Gripe as I may about this, there are two solutions. One is opting for the automatic, which not only has a sixth gear (its sixth ratio is actually shorter than the manual’s fifth ratio), the other is rowing the ‘box a bit more. And that’s fine because the gearbox is actually pretty decent. The clutch is progressive, and although it’s not the last word in slickness with a bit of notchiness when rushed, it is neither recalcitrant nor mushy. Much could be said about the Golf’s steering – it’s more engaging to drive than most compact cars, but neither is it especially light on its toes, lacking the flyweight ease of motion that the Mazda3 offers its drivers.

In any sense, we netted some seriously good fuel economy figures while on the road. We dropped the overall average to 7.9 L/100 km after some urban short-distance driving sandwiched by two long open-road stretches between the eastern GTA and Montreal. Not bad considering that our trip was conducted at an average speed of 115 km/h. It may not be as fuel-frugal as the TDI, but this is a fairly miserly motor.

Other virtues: while the Golf has opted to strut down a more stylish route – it’s decidedly less stub-nosed than in years past – Marc Lichte’s handy penwork has not shaved its roofline down to turn it into a fashionable hatchback-coupe. Rear-seat riders benefit with plenty of rear headroom and cargo space is generous. You could do worse than to be a rear-seat passenger in the Golf, even if you can’t have heated rear seats or a rear-seat entertainment system.

The Golf, as it turns out, is very much car we’d hoped it to be. A few minor gripes aside, there are no serious red flags for friendship here – heck, it even takes regular fuel. So fear not the road trip: You’ll find a good friend in the Golf.  –JC

A note on fuel consumption: After more than 3,000 km, the trip computer displayed a consistent 8.0 L/100 km, both for the extended period and various shorter stretches, and our calculations using receipts and odometer confirm this range, landing at 8.15 L/100 km. That is respectable performance for a car rated at 9.3/6.4 city/highway, during the thirstiest season with winter tires, winter fuel and cold temperatures, though our two long highway drives obviously had a positive effect.

Anyhow, to wrap up, I’ll add my own notes on the Golf’s long-distance charm, which consist mainly of the quiet, comfortable ride Justin reported, and the excellent practicality of a right-sized car. This car is at the very line where anything smaller would be a tight squeeze, but the generous trunk and suitable rear seat mean there is ample stowage for a family road trip as well, and the roofline mean it’s a best case scenario for installing child seats and children for a car. And of course, the hatchback configuration means easy loading of all our weekend supplies, though as we’re past strollers and playpens, there was really no challenge, but getting my hockey bag in and out is a cinch.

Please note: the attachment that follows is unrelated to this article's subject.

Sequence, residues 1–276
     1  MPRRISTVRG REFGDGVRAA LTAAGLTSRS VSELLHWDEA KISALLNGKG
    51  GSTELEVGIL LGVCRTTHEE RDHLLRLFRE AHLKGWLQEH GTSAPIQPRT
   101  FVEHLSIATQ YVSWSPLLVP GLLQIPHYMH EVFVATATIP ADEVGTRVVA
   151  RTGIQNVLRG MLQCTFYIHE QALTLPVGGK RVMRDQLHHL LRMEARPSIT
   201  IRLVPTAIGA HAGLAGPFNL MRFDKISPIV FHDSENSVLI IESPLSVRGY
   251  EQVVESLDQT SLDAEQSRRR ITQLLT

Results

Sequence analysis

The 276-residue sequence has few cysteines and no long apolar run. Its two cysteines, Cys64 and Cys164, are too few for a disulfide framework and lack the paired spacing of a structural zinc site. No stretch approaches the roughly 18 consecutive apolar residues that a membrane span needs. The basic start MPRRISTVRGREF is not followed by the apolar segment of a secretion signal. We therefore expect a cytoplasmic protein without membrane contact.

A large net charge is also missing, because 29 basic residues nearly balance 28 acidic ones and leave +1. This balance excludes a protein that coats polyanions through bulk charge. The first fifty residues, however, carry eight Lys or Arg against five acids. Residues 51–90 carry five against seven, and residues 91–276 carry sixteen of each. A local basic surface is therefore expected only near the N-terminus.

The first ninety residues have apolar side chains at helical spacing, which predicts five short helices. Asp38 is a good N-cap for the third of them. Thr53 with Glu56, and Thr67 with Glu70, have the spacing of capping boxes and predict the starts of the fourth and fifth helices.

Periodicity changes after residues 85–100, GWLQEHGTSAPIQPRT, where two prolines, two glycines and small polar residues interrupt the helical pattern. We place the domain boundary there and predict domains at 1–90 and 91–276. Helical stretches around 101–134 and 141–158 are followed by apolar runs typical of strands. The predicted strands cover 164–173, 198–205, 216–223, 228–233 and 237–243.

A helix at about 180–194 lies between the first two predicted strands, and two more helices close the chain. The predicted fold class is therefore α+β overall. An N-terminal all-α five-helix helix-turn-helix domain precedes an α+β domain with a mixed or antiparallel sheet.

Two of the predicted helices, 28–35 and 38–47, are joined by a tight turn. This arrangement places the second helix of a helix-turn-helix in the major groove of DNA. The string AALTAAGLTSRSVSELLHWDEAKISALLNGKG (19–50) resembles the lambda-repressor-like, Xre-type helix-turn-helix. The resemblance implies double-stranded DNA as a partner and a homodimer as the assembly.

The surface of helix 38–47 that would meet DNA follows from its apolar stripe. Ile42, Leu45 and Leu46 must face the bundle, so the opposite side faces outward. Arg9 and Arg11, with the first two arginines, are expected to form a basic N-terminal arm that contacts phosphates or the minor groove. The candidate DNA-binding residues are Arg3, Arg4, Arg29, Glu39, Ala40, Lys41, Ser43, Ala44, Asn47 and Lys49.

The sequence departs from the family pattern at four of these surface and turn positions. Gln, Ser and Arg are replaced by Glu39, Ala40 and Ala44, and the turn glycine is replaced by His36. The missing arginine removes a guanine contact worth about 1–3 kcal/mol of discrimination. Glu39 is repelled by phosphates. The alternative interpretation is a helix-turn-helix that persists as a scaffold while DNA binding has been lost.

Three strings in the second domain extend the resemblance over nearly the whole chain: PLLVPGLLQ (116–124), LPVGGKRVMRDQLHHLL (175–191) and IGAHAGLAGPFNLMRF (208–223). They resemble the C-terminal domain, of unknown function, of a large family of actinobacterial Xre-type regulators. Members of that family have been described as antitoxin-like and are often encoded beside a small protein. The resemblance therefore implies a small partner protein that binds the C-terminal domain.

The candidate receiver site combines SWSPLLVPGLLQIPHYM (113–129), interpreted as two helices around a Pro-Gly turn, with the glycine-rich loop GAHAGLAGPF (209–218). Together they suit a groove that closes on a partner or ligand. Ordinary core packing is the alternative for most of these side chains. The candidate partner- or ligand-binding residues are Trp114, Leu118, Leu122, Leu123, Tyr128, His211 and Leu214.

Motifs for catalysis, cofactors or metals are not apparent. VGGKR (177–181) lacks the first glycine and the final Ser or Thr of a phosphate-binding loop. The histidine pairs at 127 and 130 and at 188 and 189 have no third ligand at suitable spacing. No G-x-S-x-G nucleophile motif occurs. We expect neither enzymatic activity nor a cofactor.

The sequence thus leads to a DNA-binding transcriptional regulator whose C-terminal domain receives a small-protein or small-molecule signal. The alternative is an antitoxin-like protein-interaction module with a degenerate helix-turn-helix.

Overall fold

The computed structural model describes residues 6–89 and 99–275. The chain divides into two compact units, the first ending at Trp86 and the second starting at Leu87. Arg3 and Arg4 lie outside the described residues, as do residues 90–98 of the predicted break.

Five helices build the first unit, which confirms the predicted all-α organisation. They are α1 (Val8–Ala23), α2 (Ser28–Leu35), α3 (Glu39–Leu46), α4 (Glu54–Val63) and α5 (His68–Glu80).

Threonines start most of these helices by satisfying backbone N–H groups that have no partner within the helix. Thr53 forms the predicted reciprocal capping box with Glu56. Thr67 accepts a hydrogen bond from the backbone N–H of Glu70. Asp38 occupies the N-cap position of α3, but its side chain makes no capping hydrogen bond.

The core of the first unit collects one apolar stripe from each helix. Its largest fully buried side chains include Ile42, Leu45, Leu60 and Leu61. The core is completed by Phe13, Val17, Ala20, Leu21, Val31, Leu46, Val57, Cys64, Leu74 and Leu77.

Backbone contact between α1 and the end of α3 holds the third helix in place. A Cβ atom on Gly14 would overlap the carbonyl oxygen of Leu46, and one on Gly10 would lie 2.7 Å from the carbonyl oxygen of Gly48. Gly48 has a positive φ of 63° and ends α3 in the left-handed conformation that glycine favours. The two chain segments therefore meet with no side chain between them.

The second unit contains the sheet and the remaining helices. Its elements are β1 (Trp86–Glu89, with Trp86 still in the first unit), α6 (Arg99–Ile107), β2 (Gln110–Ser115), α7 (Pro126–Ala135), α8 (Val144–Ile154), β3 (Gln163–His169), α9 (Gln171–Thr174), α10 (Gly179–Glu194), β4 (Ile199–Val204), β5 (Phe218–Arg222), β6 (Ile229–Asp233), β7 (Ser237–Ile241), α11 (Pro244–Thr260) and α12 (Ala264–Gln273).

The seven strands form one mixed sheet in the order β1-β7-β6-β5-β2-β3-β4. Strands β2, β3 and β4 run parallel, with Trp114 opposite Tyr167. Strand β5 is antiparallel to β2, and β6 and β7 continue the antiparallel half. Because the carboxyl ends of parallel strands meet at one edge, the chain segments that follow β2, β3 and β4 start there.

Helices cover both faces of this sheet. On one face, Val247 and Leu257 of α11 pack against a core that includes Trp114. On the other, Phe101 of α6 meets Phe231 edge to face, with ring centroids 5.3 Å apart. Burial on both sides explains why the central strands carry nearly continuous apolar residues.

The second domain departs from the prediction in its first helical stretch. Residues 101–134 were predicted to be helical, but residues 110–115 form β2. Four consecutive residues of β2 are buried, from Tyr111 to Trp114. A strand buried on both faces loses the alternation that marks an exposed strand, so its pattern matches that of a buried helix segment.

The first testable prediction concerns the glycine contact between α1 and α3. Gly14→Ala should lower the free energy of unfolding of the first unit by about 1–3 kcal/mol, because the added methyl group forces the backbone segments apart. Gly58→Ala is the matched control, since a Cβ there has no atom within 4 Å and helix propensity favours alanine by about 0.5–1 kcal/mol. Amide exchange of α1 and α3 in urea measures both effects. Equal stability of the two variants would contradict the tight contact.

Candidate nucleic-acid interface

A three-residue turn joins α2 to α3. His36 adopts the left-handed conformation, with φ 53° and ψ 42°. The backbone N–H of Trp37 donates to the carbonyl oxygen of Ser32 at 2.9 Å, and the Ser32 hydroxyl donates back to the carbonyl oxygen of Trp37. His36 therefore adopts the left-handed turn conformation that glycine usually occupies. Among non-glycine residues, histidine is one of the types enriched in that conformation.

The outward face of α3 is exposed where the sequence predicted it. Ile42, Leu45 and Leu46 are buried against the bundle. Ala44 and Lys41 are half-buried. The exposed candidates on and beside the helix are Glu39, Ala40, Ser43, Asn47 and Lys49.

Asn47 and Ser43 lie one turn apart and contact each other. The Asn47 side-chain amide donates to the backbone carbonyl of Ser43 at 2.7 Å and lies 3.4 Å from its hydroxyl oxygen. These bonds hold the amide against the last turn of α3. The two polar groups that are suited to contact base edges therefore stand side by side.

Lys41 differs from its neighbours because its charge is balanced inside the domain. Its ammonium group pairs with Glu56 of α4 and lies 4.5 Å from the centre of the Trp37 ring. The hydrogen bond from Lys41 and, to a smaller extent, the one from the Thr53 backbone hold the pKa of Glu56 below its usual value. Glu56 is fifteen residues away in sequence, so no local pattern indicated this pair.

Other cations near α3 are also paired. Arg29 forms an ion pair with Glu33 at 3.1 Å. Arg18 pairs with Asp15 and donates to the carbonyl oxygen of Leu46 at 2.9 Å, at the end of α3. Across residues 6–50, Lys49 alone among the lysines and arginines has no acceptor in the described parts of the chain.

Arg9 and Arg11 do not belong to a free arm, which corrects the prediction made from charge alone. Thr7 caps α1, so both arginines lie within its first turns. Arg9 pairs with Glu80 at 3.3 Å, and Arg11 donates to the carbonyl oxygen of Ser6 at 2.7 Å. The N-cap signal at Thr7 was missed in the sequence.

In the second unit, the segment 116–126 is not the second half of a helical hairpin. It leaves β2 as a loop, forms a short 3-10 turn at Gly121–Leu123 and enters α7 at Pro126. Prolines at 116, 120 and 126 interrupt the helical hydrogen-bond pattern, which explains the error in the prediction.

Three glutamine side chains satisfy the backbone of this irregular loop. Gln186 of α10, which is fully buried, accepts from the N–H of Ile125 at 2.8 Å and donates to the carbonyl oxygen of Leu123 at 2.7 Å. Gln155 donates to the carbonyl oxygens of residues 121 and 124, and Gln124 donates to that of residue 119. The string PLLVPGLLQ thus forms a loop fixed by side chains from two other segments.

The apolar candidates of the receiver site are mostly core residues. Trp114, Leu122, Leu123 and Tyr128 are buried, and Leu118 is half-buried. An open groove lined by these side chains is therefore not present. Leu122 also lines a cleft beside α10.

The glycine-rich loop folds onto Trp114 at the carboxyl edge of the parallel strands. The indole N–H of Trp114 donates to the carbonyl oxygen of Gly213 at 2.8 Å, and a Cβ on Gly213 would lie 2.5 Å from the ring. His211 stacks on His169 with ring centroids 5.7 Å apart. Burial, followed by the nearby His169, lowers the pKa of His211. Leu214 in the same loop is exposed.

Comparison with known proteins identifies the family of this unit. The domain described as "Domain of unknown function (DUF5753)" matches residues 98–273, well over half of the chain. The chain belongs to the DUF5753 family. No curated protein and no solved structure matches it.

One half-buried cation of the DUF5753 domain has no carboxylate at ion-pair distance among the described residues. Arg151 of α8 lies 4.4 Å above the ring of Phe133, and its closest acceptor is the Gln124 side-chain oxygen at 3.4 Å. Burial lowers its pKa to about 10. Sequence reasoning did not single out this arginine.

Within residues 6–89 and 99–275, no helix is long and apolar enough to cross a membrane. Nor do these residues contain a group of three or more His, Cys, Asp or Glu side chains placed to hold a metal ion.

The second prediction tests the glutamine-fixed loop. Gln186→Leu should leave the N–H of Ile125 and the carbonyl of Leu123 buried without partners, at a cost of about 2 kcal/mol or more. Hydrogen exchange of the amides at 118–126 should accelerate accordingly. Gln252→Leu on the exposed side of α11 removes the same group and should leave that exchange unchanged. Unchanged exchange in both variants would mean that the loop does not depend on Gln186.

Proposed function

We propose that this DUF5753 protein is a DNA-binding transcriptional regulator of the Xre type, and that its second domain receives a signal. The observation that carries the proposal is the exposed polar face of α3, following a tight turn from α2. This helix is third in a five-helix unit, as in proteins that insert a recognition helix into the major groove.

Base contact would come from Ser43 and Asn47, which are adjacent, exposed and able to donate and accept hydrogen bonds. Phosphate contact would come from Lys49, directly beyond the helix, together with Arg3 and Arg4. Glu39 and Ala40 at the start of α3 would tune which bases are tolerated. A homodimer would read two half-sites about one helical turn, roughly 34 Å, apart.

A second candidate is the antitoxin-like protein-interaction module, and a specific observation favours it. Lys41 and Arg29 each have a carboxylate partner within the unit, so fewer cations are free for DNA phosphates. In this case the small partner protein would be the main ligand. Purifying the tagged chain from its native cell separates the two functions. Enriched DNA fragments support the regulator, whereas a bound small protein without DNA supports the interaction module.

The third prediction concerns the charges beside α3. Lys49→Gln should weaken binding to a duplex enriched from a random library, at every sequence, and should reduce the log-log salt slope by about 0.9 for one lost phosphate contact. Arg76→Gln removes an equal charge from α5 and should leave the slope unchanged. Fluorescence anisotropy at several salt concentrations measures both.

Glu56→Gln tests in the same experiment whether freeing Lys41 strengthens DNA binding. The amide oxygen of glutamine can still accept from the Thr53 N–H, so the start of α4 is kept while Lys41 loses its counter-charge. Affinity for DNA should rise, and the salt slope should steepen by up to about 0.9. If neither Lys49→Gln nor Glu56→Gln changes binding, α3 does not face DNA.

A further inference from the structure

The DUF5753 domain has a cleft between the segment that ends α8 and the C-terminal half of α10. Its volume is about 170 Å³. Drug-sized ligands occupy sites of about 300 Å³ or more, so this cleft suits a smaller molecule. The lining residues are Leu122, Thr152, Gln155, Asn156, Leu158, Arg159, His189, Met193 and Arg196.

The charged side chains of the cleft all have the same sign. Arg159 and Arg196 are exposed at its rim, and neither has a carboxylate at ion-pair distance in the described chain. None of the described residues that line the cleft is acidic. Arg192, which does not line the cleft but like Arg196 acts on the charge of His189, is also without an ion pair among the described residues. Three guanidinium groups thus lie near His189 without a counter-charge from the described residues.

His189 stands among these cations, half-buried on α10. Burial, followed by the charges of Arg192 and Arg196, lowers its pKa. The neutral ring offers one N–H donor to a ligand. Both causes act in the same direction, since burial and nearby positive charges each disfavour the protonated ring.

What really made me happy was the cabin storage. I was happy with the tray and short cable for iPhone charging (though it still uses VW’s proprietary MDI cable with custom connections that you must buy at a dealership instead of USB ports with your own cables). I knew where I was going, so had no need for navigation, and the short cable keeps me from the temptation of playing with my phone.

The last item I’ll report is a bit of a glitch, and not the good kind that will help you beat Turbo in a race and save your friend Ralph from destruction, but a nuisance and distraction. Our trusty Golf’s tire pressure monitoring system (TPMS) must not like its winter tires, so it would periodically flash us dire warnings of a “Pressure loss”, sending us scrambling to gas stations, checking pressure with our handy dandy pocket pressure gauge, then resetting the systems as all pressures were equal and within tolerances for the tires as posted on the B pillar. An unpleasant task in the cold, wet weather in an otherwise enjoyable car.

Truly, as Justin says, this is an and car; compact and practical, fun and efficient, good looking and utilitarian, affordable and refined. This trim is also perfect for us. I have yet to think of a single option I would want added or removed, though I would gladly trade a heated steering wheel for that pesky, glitchy TPMS, and recognize that most shoppers will pay the extra $1,400 for a very good six-speed automatic transmission. This one is truly a keeper, right-sized and right-priced, and the upcoming TDI model will be hard pressed to show its value with its increased MSRP and fuel prices currently negating the fuel consumption advantage of Volkswagen’s efficient clean diesel technology.

Pricing: 2015 Volkswagen Golf
Base Price (3-door Trendline): $18,995
Base Price (5-door Comfortline): $22,895
Options: $1,695 (Convenience Package: automatic headlights, auto-dimming rearview mirror, dual-zone electronic climate control, light assist, power sunroof and rain-sensing wipers)
A/C Tax: $100
Freight and PDI: $1,395
Price as Tested: $26,085

4 years/80,000 km; 5 years/100,000 km Powertrain; 12 years/unlimited distance corrosion perforation; 4 years/80,000 km 24-hour roadside assistance